Speaker 2:

Yeah, we usually say, within a range of 500 meters or even less, we would connect productive users like mills or welding workshops or so, and then up to something like 1000 meters we allow commercial users to be connected, and above that it can only be residential customers. Right, Just as a rule of thumb. The problem is that in many cases villages extend to beyond this 1000 to 1500 meter radius. And what do you do then? You can only go for medium voltage. How does that look like? You need to build another network right on top of the existing low voltage one, isn't it?

Speaker 3:

Exactly. Of course, for the medium voltage network we need additional assets, like you need to first step up the voltage level from 400 volt to a higher level, like, let's say, 11 kV, and then distribute the systems there. So you need additional line as well. What we do is to use the higher pole and then use the same pole, just to take also the low voltage in a different height, of course, with the safe distance. That's one way we do it, but definitely needs longer poles 9 meter, 11 meter poles and then we distribute to the next level.

Speaker 2:

What type of material is being used here? It's like poles for overhead lines its lines. Have you ever seen any underground networks in mini grids?

Speaker 3:

I have not come across underground lines myself for mini grids, but it's mostly overhead lines, as I said, with some 13 meter poles.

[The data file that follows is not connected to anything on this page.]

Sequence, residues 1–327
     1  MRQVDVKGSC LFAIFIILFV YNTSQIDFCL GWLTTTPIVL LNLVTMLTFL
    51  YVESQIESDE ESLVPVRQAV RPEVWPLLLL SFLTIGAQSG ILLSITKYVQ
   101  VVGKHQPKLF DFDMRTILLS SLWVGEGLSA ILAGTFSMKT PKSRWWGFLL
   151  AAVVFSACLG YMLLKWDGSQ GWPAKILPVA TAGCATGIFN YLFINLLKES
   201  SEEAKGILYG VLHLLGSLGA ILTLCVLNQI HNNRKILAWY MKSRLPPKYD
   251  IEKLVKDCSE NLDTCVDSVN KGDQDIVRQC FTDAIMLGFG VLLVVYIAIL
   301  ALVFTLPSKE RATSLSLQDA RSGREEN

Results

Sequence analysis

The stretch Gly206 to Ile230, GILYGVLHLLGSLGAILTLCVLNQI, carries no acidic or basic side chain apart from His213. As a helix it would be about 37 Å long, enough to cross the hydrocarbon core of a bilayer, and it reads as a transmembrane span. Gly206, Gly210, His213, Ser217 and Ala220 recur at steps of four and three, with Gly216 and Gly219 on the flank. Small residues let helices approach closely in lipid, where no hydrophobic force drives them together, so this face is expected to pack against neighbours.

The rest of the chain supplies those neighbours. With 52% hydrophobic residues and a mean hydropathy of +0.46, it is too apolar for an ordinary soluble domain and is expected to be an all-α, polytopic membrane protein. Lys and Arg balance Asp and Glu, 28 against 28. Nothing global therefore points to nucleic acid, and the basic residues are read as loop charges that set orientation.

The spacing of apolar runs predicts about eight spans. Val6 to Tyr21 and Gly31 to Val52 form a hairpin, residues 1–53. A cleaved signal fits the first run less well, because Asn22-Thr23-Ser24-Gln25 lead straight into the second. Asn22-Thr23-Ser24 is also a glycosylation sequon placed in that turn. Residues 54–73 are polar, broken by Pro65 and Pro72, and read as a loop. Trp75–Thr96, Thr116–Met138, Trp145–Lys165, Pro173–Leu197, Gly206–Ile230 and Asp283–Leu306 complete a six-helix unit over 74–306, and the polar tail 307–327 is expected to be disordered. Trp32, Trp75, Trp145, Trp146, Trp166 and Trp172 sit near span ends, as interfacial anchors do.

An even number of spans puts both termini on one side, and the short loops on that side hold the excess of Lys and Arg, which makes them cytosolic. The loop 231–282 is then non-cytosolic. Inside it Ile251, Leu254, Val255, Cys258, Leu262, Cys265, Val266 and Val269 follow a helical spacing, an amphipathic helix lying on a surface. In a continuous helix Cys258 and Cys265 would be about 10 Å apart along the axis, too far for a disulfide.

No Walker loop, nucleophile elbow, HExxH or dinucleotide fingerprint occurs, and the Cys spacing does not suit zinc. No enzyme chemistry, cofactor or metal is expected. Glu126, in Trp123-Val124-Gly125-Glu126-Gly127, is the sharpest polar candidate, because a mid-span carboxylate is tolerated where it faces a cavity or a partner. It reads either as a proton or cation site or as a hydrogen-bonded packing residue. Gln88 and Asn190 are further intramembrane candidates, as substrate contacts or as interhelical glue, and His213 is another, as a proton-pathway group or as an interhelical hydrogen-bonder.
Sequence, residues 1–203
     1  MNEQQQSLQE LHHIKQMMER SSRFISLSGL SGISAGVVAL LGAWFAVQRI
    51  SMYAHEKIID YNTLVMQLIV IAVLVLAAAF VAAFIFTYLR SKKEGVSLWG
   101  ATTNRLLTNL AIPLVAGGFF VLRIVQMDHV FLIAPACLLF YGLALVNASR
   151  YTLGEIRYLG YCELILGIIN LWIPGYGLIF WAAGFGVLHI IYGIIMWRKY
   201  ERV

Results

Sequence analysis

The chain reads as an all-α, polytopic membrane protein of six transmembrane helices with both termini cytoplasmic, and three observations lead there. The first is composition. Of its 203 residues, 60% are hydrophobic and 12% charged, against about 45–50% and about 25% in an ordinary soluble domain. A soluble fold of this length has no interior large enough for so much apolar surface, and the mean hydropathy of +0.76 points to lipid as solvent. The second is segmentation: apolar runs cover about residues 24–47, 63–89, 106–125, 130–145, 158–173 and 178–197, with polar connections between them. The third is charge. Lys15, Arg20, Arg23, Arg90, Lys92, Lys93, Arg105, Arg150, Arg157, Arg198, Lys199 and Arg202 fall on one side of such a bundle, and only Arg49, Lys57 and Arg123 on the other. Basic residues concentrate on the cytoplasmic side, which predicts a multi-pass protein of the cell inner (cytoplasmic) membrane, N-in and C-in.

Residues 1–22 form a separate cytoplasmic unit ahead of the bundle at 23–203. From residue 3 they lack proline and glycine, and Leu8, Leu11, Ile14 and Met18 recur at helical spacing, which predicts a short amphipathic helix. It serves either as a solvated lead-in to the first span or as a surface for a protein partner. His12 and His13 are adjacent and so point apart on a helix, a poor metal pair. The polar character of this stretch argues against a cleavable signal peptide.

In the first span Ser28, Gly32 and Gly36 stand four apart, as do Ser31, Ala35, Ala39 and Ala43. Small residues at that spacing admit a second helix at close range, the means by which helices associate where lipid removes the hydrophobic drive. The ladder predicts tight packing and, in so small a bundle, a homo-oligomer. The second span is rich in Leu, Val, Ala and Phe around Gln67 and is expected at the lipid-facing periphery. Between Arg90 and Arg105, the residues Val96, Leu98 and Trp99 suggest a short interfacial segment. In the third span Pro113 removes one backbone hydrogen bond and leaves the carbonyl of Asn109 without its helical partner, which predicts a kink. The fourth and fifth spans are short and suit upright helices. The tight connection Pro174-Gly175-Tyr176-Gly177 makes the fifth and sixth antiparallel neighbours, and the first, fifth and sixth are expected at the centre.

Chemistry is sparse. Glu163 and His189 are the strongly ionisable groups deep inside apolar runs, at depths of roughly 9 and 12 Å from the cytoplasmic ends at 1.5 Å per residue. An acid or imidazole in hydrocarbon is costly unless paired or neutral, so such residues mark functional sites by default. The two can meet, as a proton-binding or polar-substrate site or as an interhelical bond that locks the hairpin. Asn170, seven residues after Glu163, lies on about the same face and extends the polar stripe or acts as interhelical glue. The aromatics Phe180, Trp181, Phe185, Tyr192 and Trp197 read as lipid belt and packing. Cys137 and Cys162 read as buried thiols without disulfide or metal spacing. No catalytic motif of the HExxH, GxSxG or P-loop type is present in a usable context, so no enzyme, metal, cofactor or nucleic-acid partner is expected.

Speaker 2:

In 2009, 2010,. We built some underground lines in our first mini grids in Senegal because the ground was very sandy and poles didn't last for long and they bend all the time. So it was better to build underground lines and digging was quite easy in sand. So that was one example. I'm aware of all the other mini grids I've seen all have overhead lines according to standards. What types of poles are being used in Africa? Dipto.

Speaker 3:

Right now we see that wooden poles are quite used at this point of time. So also steel poles are used as well as the concrete poles, but not so much. It's mostly a choice between cost. Just to give an example, like a 9 meter wooden pole would cost you some hundred dollars, whereas steel poles of the same height will cost you twice as much, almost.

Speaker 2:

Depending on the international steel prices right.

Speaker 3:

Of course it's also varies and if good quality like treated wooden poles are available, it's definitely the most cost efficient option for the market.

Speaker 2:

Which is not the case everywhere. Right In East Africa there are a lot of pole manufacturers in country. Basically in Tanzania we have some, for example, in Sierra Leone. There were none. Wooden poles would have needed to be imported, and in that case it was cheaper and lower cost to actually bring steel poles or concrete poles into the country.

Speaker 3:

Exactly. Some companies also tried with bamboo poles at some point to reduce the cost, but I think, considering the sustainability of these poles and more stringent requirements from governments, and ultimately people are now switching to wooden poles and, as you said, in some cases steel poles and concrete poles.

Speaker 2:

Have you experienced any price trends in steel poles, wooden poles, concrete poles over time?

Speaker 3:

Over time. I think their prices are to some extent constant. We have not seen like a significant price change in the market over time of this kind of poles. The conductor prices of course slightly depend on whatever you are using it's an aluminum or copper but the prices of the poles remain more or less concrete. On the other hand, concrete poles themselves like and they would if they're locally built they would depend on the energy prices. But other than that I have seen, for example in Namibia I can give an example like 9 meter wooden pole costs something around like 85, 90 dollars, whereas over the last three, four years we have seen similar in other countries like Kenya, sierra Leone as well. So it's in that range.